Seems like the church spent so long trying to make it’s music relevant, it forgot to make the words relevant, too. I’m finding that I’m using popular songs in worship more meaningful to most of the folks in our church community than what’s being marketed as worship music these days.

    1. Shouldn’t we plagiarize words and phrases from the Bible? That might be the real issue with repetitiveness, in my opinion the worship song should come from the heart with the support of scripture. So lines will be repeated a lot. I highly doubt we’ll get a song out of John 11:35 . . . but I could be wrong.

  64. I think for me, the biggest annoyance has to do with lyrical creativity. I find most of what’s happening in the worship movement to be very cliche (the words glory and/or glorious should be banned freaking now), repetitive or plagiarized, insignificant and relatively meaningless, and full of insider language. Some of this was actually the topic of the latest episode of Reveal Podcast and is often the topic when I’m in a room full of worship leaders.
    Seems like the church spent so long trying to make it’s music relevant, it forgot to make the words relevant, too. I’m finding that I’m using popular songs in worship more meaningful to most of the folks in our church community than what’s being marketed as worship music these days.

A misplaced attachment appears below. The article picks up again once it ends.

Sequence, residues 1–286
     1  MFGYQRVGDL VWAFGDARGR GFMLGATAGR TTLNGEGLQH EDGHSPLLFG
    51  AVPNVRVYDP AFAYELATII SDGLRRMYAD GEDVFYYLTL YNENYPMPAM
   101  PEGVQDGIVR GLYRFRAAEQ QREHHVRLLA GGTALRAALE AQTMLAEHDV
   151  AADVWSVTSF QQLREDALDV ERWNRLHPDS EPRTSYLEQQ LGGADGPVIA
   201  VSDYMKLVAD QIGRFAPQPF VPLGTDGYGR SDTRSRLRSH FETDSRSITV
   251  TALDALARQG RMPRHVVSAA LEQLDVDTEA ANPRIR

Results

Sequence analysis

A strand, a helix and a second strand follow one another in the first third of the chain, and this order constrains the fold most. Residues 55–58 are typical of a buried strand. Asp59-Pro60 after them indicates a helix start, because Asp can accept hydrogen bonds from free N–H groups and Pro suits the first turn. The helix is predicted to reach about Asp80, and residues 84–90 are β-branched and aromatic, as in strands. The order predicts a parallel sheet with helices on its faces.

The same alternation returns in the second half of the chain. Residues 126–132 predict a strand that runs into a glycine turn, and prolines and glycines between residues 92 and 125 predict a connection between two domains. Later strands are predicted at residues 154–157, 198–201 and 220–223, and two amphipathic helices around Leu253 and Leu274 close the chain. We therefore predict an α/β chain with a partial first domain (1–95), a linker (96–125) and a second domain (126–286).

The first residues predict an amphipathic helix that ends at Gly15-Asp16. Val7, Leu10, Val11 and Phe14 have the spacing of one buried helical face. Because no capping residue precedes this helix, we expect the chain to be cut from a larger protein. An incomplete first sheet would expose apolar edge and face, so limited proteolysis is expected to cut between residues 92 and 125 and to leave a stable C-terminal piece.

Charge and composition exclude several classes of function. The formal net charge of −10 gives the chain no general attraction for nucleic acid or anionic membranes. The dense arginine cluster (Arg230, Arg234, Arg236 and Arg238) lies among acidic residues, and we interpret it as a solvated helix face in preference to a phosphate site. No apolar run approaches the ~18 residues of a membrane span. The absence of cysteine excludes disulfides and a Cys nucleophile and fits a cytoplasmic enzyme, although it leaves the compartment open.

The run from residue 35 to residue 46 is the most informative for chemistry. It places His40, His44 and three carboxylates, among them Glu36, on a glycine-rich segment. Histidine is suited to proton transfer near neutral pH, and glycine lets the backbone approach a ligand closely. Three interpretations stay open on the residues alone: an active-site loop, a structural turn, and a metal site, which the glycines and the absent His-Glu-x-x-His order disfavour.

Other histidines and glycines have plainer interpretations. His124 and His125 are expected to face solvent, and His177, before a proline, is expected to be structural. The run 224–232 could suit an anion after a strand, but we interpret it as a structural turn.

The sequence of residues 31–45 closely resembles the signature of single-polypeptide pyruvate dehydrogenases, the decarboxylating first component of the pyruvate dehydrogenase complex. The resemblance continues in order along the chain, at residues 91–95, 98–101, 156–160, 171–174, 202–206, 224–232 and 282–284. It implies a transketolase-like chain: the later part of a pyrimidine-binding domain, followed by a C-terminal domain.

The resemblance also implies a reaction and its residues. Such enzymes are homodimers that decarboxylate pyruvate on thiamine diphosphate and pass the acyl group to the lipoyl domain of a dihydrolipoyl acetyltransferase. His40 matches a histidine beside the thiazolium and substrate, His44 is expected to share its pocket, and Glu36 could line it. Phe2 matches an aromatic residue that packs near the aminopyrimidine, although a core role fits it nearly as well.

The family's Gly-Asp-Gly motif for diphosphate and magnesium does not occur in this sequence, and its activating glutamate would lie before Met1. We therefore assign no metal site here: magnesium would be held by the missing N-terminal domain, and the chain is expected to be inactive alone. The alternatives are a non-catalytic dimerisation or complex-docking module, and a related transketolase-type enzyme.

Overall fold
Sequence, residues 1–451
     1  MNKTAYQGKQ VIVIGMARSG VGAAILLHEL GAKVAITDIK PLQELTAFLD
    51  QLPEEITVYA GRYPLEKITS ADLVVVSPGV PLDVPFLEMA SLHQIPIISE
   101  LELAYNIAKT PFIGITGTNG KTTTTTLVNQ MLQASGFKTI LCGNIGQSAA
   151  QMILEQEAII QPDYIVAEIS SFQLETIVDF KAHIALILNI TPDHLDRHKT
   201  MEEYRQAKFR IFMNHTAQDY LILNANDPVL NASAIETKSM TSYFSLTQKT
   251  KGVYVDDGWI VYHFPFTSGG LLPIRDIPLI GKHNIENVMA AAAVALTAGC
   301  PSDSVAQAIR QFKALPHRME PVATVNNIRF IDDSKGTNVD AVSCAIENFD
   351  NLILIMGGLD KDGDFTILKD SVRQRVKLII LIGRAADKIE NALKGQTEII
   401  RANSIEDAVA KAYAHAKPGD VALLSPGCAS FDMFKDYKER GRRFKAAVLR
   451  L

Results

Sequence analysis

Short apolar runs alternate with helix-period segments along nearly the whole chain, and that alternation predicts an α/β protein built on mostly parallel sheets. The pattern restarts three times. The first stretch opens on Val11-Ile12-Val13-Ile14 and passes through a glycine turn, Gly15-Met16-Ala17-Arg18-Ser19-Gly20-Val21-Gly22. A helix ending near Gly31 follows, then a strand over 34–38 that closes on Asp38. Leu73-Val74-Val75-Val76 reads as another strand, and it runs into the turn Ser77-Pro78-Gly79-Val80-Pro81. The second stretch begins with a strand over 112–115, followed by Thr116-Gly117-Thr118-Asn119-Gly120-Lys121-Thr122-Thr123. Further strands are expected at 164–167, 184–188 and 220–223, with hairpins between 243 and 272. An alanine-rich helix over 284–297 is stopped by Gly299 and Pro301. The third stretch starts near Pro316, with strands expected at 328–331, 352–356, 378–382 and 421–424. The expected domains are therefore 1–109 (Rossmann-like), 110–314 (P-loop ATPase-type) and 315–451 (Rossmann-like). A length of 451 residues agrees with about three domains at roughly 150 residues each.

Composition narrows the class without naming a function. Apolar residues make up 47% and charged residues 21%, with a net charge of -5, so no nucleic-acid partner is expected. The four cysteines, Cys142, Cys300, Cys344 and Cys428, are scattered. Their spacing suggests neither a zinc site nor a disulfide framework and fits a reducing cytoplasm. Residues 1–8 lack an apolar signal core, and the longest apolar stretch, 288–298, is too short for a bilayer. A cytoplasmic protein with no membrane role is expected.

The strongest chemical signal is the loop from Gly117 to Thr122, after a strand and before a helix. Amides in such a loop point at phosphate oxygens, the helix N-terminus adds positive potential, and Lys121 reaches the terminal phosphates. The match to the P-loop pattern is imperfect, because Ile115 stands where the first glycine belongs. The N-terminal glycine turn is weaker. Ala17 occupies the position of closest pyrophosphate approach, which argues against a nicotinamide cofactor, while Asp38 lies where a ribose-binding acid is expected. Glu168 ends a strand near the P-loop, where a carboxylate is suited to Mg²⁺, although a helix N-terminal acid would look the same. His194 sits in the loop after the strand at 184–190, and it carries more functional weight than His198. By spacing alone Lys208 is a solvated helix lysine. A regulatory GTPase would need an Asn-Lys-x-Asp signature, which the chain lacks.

1. Shouldn’t we plagiarize words and phrases from the Bible? That might be the real issue with repetitiveness, in my opinion the worship song should come from the heart with the support of scripture. So lines will be repeated a lot. I highly doubt we’ll get a song out of John 11:35 . . . but I could be wrong.

  65. I think for me, the biggest annoyance has to do with lyrical creativity. I find most of what’s happening in the worship movement to be very cliche (the words glory and/or glorious should be banned freaking now), repetitive or plagiarized, insignificant and relatively meaningless, and full of insider language. Some of this was actually the topic of the latest episode of Reveal Podcast and is often the topic when I’m in a room full of worship leaders.